Wing Chun utilizes the principle of economy in motion. With kicking the application of this principle guides the student to attack lower targets with his kicks while using his hands to strike at the higher targets. To put it simply we attack the open target with the weapon that is closest to that target. It is seldom that the head of your opponent is closer to your feet than to your hands. Unless of course he has already been knocked down. To raise your foot from the ground up the approximate 6 feet to your opponents head makes little sense when your hands were only two or three feet from his head! It would be unthinkable for most martial artists to bend down and punch their opponent in the foot, rather they would simply stomp on that foot with the heel. That is sensible. Well, the same logic applies to hitting him in the head with the hands instead of your feet. Wing Chun seldom will kick above the abdominal cavity. Most high kicking systems developed high kicking techniques around a set of rules that forbade someone from kicking them "below the belt". This rule makes it safer to kick high, until you get into a real fight where there are NO rules!
The most vulnerable target on a high kicker is his supporting leg. It is wide open, he canít move it while his other leg is waving around in the air, and his knee is the most commonly, and easily injured joint in his body. A short fast snapping kick to this target will finish the fight instantly! Wing Chun works to both attack and defend the lower gates with the legs. We stand on the rear leg leaving the front leg to float, freeing it to attack and defend the lower areas with the same ease as the hands have to attack and defend the higher gates. By skillful application of the sticking principles learned within the chi gerk practice the student can flow with and defeat the kicking techniques of his attacker. There are many effective targets to strike on the legs, and because many fighters put weight on the forward leg they are unable to move to defend these open targets. Wing Chun employees the one legged stance so that our forward leg is free to attack and defend with comparable speed to that of the hands. Some may feel that using the closest weapon to attack a target sounds fine with regards to being economical, but sacrifices the devastating power that kicks can generate. This criticism is valid for those using tension weight, and strength to generate power. But Wing Chun does not generate power in this way. Wing Chunís short power has been well illustrated in the one-inch punch. The same explosive short power can be generated with the Wing Chun kicks. We do not sacrifice power for speed and economy.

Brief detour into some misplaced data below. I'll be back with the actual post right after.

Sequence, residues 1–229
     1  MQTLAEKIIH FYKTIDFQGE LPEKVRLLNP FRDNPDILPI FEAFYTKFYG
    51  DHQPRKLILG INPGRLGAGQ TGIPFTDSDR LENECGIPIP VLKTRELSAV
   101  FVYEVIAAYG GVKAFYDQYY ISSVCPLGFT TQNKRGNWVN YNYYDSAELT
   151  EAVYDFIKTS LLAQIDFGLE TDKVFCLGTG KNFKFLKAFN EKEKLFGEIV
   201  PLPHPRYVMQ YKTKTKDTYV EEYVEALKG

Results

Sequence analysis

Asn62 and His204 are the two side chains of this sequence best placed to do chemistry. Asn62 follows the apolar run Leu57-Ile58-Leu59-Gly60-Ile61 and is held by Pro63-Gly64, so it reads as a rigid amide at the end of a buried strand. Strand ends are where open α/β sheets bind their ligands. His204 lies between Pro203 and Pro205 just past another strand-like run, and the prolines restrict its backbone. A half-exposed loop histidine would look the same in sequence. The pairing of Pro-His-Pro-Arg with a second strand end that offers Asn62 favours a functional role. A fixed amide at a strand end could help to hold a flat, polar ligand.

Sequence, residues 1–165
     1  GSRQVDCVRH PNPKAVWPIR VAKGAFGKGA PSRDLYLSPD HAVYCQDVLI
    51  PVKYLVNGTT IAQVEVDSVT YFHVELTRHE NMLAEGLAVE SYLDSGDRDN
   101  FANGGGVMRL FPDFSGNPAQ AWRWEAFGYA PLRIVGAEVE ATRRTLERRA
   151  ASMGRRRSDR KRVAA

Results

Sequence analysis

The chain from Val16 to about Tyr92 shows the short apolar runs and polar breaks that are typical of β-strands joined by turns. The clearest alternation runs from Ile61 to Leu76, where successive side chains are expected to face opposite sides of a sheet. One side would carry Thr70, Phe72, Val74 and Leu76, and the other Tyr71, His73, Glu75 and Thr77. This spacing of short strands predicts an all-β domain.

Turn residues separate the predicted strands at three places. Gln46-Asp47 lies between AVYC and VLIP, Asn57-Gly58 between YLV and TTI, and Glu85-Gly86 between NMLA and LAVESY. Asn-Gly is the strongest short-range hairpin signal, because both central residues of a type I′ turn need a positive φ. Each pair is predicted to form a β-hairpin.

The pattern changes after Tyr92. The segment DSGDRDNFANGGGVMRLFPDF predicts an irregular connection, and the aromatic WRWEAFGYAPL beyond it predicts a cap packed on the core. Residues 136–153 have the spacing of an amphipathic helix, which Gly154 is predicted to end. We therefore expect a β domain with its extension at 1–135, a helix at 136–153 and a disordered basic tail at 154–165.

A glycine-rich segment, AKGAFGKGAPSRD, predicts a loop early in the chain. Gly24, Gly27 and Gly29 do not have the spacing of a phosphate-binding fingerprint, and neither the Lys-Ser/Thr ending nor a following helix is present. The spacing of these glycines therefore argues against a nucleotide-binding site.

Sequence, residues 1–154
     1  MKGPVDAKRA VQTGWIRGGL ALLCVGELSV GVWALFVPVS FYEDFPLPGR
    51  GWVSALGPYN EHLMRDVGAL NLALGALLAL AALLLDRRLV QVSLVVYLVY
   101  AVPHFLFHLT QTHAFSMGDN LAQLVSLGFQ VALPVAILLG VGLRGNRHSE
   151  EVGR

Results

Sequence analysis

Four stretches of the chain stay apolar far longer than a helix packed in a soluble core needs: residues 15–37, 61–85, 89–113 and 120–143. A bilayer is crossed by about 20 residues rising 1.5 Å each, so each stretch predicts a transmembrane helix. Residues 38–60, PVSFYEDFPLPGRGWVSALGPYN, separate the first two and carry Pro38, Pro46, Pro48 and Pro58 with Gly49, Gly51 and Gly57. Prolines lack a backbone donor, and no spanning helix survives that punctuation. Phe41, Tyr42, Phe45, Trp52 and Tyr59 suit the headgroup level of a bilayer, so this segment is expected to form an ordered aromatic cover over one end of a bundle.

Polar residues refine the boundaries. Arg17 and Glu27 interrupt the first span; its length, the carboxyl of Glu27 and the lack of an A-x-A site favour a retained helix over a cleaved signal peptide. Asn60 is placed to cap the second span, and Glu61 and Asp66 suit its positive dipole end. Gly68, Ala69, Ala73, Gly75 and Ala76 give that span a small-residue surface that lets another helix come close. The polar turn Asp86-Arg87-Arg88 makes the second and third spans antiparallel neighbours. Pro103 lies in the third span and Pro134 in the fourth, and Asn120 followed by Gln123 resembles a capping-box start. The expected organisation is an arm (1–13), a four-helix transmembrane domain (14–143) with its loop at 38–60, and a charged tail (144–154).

The defense of the lower gates also employs the principles in the three kicking seeds. The chamber positions for the front and side kicks make up the basis of the Wing Chun leg defense techniques. These blocking or parrying skills with the lead leg are learned in the chi gerk training. By keeping either the foot or knee on the centerline the Wing Chun kicker learns to control his attackers legs and can devastate them with repeated chain kicking techniques.